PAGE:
"Last year, just falling short on your home floor ... it was embarrassing," Celtics guard Jaylen Brown said. "I felt like the team was relying on me. JT got hurt in Game 7, and I dropped the ball. To me, it was embarrassing. It drove me all summer, drove me crazy."

Brown has atoned for last season's failure in these playoffs. He's the favorite to be named the Finals MVP if the Celtics can close out the series Friday night. And if they do win, it would complete the journey Brown and Tatum have been on in their seven seasons together.

That Finals loss to the Warriors, along with three conference finals defeats, has given them a lot of experience and losing to learn from.

Doncic has only been close to this level once -- in 2022, when the Mavs fell in the Western Conference finals to that same Warriors team that defeated the Celtics in the Finals. He hasn't felt the sting of losing on the biggest stage or the consequences of not dealing with his shortcomings.

He's so talented that he hasn't had to make the profound changes to his game, body and attitude that Kidd and others have been trying to help him make.

He has tried, to some extent.

He has shown improvement as a defender ... at times. He has taken offseason conditioning more seriously ... to some extent. He has cut down on his technical fouls ... a bit.

But he hasn't done enough and the Celtics have exploited his weaknesses -- especially when they attack him on offense.

According to Second Spectrum, Doncic has allowed the three highest blow-by percentages on drives in a playoff series in the past 10 years. In the first round, the LA Clippers drove past him 65.2% of the time. In the second round, the Oklahoma City Thunder blew past him on defense 59% of the time. Against the Celtics, that percentage has ballooned to 67.7%.

"That's what the Celtics are very good at doing, is making sure when they go hunting, they get the guy that they want," Kidd said.

He didn't name Doncic as the guy the Celtics are hunting, but he didn't have to. All Kidd added was that the Mavericks have to "do a better job of protecting Luka."

But there's no point in sugarcoating with the Mavericks' season on the brink. Not with Doncic complaining about officiating and fishing for fouls instead of getting back on defense.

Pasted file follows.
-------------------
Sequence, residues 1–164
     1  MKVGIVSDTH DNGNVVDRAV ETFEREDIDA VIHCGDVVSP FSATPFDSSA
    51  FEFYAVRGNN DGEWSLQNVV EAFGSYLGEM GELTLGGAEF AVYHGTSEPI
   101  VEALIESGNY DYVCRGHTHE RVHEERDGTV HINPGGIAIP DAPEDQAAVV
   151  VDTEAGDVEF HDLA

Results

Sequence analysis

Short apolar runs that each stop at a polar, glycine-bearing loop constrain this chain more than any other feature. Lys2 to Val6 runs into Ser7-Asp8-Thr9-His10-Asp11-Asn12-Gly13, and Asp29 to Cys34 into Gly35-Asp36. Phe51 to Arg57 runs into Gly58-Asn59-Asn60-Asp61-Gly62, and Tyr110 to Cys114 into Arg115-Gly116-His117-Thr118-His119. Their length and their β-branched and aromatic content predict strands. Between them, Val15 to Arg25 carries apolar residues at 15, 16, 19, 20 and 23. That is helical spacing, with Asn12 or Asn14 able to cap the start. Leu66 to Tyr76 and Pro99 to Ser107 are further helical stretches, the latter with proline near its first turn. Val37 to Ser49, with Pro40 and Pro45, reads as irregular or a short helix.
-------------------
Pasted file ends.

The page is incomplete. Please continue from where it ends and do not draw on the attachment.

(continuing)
Not after he fouled out of Game 3 by trying to draw an ill-advised charge on Brown with less than five minutes remaining in the game and the Mavericks having whittled a 21-point deficit down to three points.

If the "Jordan Rules" are now being applied to Doncic, with the spotlight on him, it's yet another lesson that Kidd hopes his star player can absorb no matter how this series ends.

"When you look at great players and their struggles," Kidd said, "[they] use that going into the next season or the next couple seasons to try to get back there because now they understand experience is a big thing."

DONCIC WAS JUST 12 years old when the Mavericks won their only title in 2011 by beating James and the Miami Heat in six games. Wednesday night marked the anniversary of that title-clinching game, and the Mavericks honored key members of that team during Game 3.

Kidd was the elder statesman on that team, and he remembers how Dallas challenged James to prove he could shoot from the outside and dared him to take over down the stretch, even though Dwyane Wade was more comfortable in that role.

James could not rise to meet those challenges that year. He wasn't ready yet, even though the San Antonio Spurs had done the same things to him during his first NBA Finals in 2007.

These hills can be more like mountains sometimes, even for the great ones.

There is no easy way up and over the summit.

"Any time you feel like you get to the top of the mountain and you fall off, there's definitely a personal failure," James said after losing those 2011 Finals. "It was a failure in '07 when we lost to the Spurs when I was in Cleveland, it's a failure now for myself losing to the Mavericks."

Eventually James did learn from those failures. We're about to find out whether Doncic can do the same.

"Sometimes I don't show it the right way, but at the end of the day, I really want to win," Doncic said Thursday. "I've got to do a better job showing it in a different way."